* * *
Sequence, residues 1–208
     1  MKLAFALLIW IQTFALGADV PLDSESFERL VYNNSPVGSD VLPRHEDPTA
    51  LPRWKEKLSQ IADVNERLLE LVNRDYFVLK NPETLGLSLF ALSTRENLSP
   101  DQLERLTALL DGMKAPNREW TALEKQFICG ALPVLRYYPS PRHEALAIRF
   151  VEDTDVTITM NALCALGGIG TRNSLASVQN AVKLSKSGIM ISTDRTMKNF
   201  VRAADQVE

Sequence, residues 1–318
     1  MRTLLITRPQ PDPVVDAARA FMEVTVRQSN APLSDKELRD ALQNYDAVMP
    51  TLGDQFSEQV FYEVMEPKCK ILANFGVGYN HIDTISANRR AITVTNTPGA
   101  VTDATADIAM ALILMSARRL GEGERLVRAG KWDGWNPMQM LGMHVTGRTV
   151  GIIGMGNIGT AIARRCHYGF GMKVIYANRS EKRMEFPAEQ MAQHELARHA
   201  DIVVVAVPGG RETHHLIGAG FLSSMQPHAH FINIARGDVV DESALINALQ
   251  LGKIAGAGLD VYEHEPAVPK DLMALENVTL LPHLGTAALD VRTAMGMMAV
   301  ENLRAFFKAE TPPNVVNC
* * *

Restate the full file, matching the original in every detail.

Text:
Sequence, residues 1–208
     1  MKLAFALLIW IQTFALGADV PLDSESFERL VYNNSPVGSD VLPRHEDPTA
    51  LPRWKEKLSQ IADVNERLLE LVNRDYFVLK NPETLGLSLF ALSTRENLSP
   101  DQLERLTALL DGMKAPNREW TALEKQFICG ALPVLRYYPS PRHEALAIRF
   151  VEDTDVTITM NALCALGGIG TRNSLASVQN AVKLSKSGIM ISTDRTMKNF
   201  VRAADQVE

Sequence, residues 1–318
     1  MRTLLITRPQ PDPVVDAARA FMEVTVRQSN APLSDKELRD ALQNYDAVMP
    51  TLGDQFSEQV FYEVMEPKCK ILANFGVGYN HIDTISANRR AITVTNTPGA
   101  VTDATADIAM ALILMSARRL GEGERLVRAG KWDGWNPMQM LGMHVTGRTV
   151  GIIGMGNIGT AIARRCHYGF GMKVIYANRS EKRMEFPAEQ MAQHELARHA
   201  DIVVVAVPGG RETHHLIGAG FLSSMQPHAH FINIARGDVV DESALINALQ
   251  LGKIAGAGLD VYEHEPAVPK DLMALENVTL LPHLGTAALD VRTAMGMMAV
   301  ENLRAFFKAE TPPNVVNC